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It was Saturday night and it was raining heavily outside. You were inside your room studying maths. Prime numbers have always fascinated you.
You were studying the Legendary Noldbach Problem which states :
Every Integer greater then 2 can be expresses as sum of two primes.
You tried proving this theorem and played with it by testing various even numbers. Exactly at 11:59 (prime time), you went to your bed to get some sleep. In your dreams, you saw prime numbers revolving everywhere around you.
The next morning,you sat on your desk and suddenly out of nowhere you came up with a statement that : There exists atleast k prime numbers between 2 to n (inclusive) such that they can be expressed as sum of two neighbouring prime numbers and 1.
19 = 11 + 7 + 1
13 = 5 + 7 + 1
Two primes are said to be neighbouring primes if there are no other primes in between them. You are unable to prove this statement so you decided to check it out on various test cases.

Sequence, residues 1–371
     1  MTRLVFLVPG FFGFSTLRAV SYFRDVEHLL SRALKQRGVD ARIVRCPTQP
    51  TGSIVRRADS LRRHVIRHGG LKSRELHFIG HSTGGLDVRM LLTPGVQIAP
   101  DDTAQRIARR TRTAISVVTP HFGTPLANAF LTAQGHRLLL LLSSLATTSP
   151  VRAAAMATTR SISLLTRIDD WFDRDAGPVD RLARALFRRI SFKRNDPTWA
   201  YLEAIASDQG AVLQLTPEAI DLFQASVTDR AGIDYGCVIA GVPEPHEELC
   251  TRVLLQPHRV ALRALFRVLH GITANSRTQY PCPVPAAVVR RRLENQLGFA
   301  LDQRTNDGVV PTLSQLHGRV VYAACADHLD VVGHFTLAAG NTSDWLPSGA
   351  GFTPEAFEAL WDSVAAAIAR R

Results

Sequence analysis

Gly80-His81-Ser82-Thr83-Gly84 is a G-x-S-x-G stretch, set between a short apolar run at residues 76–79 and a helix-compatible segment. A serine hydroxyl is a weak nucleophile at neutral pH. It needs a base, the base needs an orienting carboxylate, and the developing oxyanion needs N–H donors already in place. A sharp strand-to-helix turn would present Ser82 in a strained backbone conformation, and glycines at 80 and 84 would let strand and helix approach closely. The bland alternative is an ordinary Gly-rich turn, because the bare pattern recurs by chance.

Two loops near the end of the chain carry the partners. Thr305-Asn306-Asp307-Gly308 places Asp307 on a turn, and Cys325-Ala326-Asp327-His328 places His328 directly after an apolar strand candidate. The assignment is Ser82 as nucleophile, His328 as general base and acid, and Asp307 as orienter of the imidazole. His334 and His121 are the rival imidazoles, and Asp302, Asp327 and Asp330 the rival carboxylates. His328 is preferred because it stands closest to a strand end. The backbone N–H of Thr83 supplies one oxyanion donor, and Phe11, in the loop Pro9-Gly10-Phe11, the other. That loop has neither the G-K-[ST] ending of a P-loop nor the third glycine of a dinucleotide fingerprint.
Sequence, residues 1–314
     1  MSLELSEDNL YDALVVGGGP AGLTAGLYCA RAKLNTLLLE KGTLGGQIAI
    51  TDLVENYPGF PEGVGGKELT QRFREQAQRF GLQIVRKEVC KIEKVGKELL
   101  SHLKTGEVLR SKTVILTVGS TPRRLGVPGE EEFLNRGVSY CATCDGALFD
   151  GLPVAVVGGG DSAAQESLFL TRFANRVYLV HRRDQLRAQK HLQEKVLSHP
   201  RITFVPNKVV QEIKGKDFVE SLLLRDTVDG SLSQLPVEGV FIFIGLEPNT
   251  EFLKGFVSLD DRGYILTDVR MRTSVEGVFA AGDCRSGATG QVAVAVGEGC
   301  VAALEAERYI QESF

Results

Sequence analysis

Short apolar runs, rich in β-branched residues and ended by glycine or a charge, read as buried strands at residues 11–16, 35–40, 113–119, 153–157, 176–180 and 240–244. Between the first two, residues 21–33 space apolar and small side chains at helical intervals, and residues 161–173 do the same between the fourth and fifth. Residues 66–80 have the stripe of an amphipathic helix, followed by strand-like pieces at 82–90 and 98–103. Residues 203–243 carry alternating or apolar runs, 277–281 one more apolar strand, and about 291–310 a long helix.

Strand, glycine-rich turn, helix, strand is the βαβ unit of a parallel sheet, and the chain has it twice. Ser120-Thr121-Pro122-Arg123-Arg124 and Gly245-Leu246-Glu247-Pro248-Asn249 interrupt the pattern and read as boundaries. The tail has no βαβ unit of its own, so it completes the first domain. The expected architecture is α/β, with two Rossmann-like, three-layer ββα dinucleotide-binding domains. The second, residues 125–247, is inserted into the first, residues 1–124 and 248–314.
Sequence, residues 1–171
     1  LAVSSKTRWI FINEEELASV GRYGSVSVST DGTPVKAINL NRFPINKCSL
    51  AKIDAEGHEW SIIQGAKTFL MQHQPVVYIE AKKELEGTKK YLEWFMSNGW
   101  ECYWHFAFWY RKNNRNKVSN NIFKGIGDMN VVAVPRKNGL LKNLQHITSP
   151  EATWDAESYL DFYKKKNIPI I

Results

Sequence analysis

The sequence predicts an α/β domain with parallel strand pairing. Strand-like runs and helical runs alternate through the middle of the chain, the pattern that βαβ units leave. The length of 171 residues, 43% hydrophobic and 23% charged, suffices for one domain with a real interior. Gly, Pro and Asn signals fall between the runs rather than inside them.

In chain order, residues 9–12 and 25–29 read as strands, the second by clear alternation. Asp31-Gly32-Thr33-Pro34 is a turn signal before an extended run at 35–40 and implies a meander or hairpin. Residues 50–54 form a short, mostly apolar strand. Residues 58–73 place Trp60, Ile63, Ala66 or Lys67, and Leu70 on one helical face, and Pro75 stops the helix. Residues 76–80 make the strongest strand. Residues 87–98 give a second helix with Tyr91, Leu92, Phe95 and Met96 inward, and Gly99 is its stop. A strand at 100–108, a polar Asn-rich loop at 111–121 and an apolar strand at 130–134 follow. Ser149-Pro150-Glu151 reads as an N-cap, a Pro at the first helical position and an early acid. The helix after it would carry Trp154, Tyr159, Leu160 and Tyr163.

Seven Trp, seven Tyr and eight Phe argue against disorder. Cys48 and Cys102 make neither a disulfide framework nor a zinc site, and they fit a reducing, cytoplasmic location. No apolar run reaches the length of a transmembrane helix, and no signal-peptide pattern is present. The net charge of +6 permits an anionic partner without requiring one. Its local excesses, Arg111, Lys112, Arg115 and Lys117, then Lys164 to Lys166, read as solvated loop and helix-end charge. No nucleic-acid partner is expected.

So given n and k check if the above statement holds true.
The first line contains the number of Test cases (T). 1 <= T <= 100
The next t line of the input contains two integers n (2 ≤ n ≤ 1000) and k (0 ≤ k ≤ 1000).
Sum of n over all test cases wont exceed 10^5.
Output YES if at least k prime numbers from 2 to n inclusively can be expressed as it was described above. Otherwise output NO.
In the first example we have 13 and 19 as 2 numbers which can be expressed according to given conditions.
For the second example there are no integers between the expected range.
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